August 14, 2016 at 3:24 pm #82963
Tracey WParticipant839 points
Hello fellow hikers,
I plan to do a long training hike alone on Friday (I do often, but not in bear country) and a fellow hiker said I should rent a satellite phone. I have tried googling, but most appear to be internet based. I was hoping to go into a store, REI doesn’t rent. I heard in a class that delorme 2-way is the way to go.
Does anyone know of somewhere in So Cal that rents them … and/or any other advice you may have? =D
TraceyAugust 16, 2016 at 10:17 pm #83029
Jeff HesterKeymaster33,326 points
Hey Tracey, great question!
I haven’t used a satellite phone myself, but some folks do say they are handy to have. A quick search on Google did’t find any big brick-and-mortar shops (it’s a niche market) but I did find this company that does weekly Sat phone rentals.
Personally, I have used a SPOT Messenger, and it works pretty well. I got mine last year before I started hiking the Theodore Solomons Trail, and it gave my wife peace of mind. It has three basic functions: You can let it send your GPS location every 30 minutes or so and your friends and family can “see” where you are (or at least, where you were in the last 30 minutes). Second, it lets you “check-in” sending one of three pre-written messages to your friends and family (for example, “Camping here for the night and all is well”). Finally, it let’s you contact Search and Rescue (SAR) in the event of a real emergency. They’ll know your location and will send help.
Note that there is a subscription service required for the SPOT and a 1-year minimum contract.
Some friends of mine prefer the Delorme InReach. It does all the things that the SPOT does, but also allows two-way messaging. On the Theodore Solomons Trail last year, my friend Mario used it to receive weather reports or ask his girlfriend where I was last see (we were hiking opposite directions). The device is more expensive, but you don’t need to commit to a year contract for service — it’s month-to-month.
I take my SPOT whenever I’m in the backcountry. I’ve never had to use it contact SAR yet (thankfully) but it’s nice to know that I could.
Hope this helps.August 18, 2016 at 5:07 am #83049
Tracey WParticipant839 points
Thanks for your detailed response. =D
I had recently taken a free Intro to Back Country Wilderness Skills class thru REI and the instructor recommended the Delorme because of its two-way capabilities. He said that SAR folks don’t like the Spot because they can’t communicate back to find out situation (i.e. is it “I have broken my leg and can’t hike out” or just “I am too tired to hike out”).
I was hoping to try one out as a rental for my solo SB Peak hike but without the commitment to the purchase and a plan.
Thanks again for the detailed response.
TraceyOctober 2, 2017 at 6:16 pm #397812
Lorne CParticipant543 points
I looked into this as well and after a thorough analysis came up with the following:
-This places rents them (https://www.lowergear.com/product.php/id/261) among others.
-Talking to a very experienced friend of mine he made the point that when you need it (i.e. you are in serious trouble), knowing that help is on the way would be critical to how you handle yourself. For that reason the two way communication is important.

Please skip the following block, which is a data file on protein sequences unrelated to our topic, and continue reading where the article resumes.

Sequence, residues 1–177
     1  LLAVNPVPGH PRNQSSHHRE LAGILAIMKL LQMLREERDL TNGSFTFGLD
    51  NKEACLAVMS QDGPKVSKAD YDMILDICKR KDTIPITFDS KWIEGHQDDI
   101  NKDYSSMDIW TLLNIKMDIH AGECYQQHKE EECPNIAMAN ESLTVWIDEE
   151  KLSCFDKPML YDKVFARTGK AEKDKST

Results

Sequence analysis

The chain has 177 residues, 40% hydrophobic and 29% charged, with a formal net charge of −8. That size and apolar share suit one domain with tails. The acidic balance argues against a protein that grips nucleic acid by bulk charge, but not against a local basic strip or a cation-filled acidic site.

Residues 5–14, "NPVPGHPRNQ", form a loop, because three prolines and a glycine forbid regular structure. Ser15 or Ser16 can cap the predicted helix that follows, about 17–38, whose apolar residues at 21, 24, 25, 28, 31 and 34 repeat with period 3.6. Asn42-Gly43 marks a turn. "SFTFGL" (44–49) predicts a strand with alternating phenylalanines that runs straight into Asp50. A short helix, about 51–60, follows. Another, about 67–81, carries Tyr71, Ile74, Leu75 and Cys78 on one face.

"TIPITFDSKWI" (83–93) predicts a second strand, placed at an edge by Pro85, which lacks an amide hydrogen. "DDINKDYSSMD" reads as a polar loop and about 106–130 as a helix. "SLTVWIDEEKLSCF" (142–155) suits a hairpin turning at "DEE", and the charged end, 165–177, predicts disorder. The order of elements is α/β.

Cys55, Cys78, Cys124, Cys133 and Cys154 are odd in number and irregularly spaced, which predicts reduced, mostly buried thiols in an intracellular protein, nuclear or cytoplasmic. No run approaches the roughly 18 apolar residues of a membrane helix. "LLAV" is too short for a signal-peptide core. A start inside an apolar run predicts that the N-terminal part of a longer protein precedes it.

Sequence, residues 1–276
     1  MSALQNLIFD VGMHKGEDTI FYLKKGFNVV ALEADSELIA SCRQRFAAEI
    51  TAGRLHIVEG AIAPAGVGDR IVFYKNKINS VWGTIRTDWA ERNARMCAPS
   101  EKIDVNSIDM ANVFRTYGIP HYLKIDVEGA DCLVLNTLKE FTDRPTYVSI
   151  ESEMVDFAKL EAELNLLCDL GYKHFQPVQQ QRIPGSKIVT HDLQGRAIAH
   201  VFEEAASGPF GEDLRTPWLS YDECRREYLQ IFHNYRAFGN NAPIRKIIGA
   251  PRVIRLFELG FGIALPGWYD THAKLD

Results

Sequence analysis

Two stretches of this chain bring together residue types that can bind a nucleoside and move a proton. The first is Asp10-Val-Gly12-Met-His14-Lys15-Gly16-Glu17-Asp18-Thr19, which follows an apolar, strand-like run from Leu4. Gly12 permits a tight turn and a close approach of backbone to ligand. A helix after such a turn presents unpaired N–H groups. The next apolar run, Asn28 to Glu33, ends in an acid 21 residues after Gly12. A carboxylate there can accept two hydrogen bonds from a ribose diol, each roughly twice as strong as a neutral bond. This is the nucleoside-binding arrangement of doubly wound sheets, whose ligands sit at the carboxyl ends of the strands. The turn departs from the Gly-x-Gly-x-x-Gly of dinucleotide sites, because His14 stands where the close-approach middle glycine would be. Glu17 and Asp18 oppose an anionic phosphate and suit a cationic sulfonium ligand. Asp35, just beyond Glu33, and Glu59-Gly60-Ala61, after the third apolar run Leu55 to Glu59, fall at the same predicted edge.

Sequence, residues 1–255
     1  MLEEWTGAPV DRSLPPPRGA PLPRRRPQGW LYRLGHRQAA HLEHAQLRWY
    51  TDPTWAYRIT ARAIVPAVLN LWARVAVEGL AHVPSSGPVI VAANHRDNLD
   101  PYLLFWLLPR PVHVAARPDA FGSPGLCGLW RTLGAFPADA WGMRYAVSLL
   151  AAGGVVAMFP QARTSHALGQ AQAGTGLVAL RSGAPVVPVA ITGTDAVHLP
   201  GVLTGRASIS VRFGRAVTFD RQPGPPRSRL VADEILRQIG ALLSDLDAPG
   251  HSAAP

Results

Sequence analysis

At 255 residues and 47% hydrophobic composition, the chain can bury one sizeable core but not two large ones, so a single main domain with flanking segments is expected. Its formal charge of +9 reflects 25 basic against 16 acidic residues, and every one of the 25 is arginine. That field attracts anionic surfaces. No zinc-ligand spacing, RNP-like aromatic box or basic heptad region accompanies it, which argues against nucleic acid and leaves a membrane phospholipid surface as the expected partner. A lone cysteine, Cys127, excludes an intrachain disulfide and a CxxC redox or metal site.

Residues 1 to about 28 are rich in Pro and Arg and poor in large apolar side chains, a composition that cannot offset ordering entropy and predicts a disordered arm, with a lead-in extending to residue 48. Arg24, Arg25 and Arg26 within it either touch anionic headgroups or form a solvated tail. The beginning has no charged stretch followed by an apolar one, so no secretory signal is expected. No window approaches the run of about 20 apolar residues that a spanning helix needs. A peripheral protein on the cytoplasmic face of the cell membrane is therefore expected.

-Although the Spot is initially cheaper to purchase when you look at the data plan it is almost the same price. When you look into depth on the data plan on the Spot you must purchase a full year whereas with the InReach you can buy it month by month and turn it off when you don’t need it. So the InReach will work out cheaper in the long run.
-You can rent both of them but when you look at the pricing for weekend rentals after four uses you would have paid for buying it. If you rent for longer the pay off might be different.
-For me, and the hiking I am doing (one or two day hikes on reasonably well traveled trails) there are enough people around that I decided that for the cost using my whistle would probably work fine for me. Keep in mind that to use one of these devices you need to be lucid enough and have enough time to fiddle with it. It is much more fiddly than using a cell phone to text.October 2, 2017 at 10:44 pm #397840
R WParticipant1,015 point
I carry a ResQLink Personal Locator Beacon (PLB) I had to register with NOAA when I got it. I got it after a fellow hiker in local group collapsed with cardiac issues (he was very fit too) and had to be MedEvac’d out. In his case, another fellow hiker is a dr and the guy had heart meds on him, so dr could stabilize him. Sheriff tried to triangulate off 911 call and chopper was looking miles away in opposite direction until finally they turned 180 degrees and saw my fellow hikers in their bright orange and neon pink tops. Then they shone spotlight, zoomed in to confirm, and called MedEvac chopper.
Spot, sat phones, and Delorme are great if you are able to communicate. But in the one guy’s case, he was conscious but in tremendous pain and not in good shape, so idk if he could even flip the antenna and hit the one button to operate a PLB. It is a lot simpler and extremely accurate positioner though, which is why I got it. And why if you read my hike logs I have the most obnoxious day-glo gear, so I literally can be seen miles or a ridgeline away if I or another hiker is in trouble.
Btw guy did need small procedure but is healthy now. And very grateful he had expert help when he fell ill.
- This reply was modified 1 year, 5 months ago by R W.
You must be logged in to reply to this topic.